Veterinarians, like doctors, must go to school, undergo many hours of training and endure long hours on the job. But the rewards of being a veterinarian are numerous. If considering a career as a vet, it's important to analyze the pros and cons.
Gaining admission into one of the 28 American schools accredited by the Association of American Veterinary Medical Colleges (or AAVMC) is a rigorous process. Most schools, according to the AAVMC website, require at least 80 credit hours (mostly in science) from an accredited university. Once admitted into a four-year program, out-of-state students pay anywhere from $35,000 to $50,000 per year in tuition and fees. Vet school courses are difficult, as they are very technical: vet students joke that unlike medical doctors, they are required to know more species than one.
While tending to a happy fluffy puppy is a great thought, the work of a veterinarian is very different. The reality is that animals brought into clinics are often very sick and they might soon die. Giving medical treatment to a wounded animal requires fortitude that even the biggest animal lover might not possess. Secondly, vets perform surgery, see blood, treat infections and perform many other unpleasant tasks.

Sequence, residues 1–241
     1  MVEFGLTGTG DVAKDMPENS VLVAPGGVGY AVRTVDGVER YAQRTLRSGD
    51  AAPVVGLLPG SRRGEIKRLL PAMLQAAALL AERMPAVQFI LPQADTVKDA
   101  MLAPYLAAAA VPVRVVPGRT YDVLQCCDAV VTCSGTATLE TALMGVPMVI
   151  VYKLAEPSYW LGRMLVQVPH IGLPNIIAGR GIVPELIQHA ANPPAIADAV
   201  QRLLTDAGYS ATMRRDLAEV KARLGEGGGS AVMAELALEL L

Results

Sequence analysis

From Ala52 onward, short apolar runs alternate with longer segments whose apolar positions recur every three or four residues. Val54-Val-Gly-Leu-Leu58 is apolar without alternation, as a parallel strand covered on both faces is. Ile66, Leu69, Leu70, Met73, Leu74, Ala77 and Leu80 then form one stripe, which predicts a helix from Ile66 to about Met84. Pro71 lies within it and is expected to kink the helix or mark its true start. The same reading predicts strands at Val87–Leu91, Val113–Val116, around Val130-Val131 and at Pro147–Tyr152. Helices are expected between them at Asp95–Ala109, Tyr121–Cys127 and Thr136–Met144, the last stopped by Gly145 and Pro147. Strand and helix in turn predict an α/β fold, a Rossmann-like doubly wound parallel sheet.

The patient might not be able to provide feedback, but unhappy pet owners certainly can. Some pet owners might be irritable, rude and difficult to placate. Customer service is a crucial part of the job, since getting along with pet owners provides job security.
Payscale.com indicates that the starting salary for a veterinarian is $50,000 with the opportunity to earn six figures over time. If you own your own clinic, the salary could be higher. However, vets must have business acumen (or hire someone who does) to succeed in running their own clinic.
The career possibilities for a vet are numerous. Large animal vets could be on-call for a local zoo, which means interacting with chimps, zebras and a host of other interesting creatures. Even small animal vets, who specialize primarily in cats and dogs, get to enjoy a day filled with different personalities. Interacting with these creatures also means saving lives, which many find a highly rewarding experience.
Dealing with pet owners can also be enjoyable. Veterinarians get to know animals, but they also get to know members of their community. Helping families save their pet, often regarded as a member of the family, can create a sense of deep fulfillment and job satisfaction. Veterinarians serve as a mentor and counselor to families during times of difficulty: The decision to euthanize an animal is not an easy one, but can be made easier with the support of a good vet. As such, vets help not only pets, but families.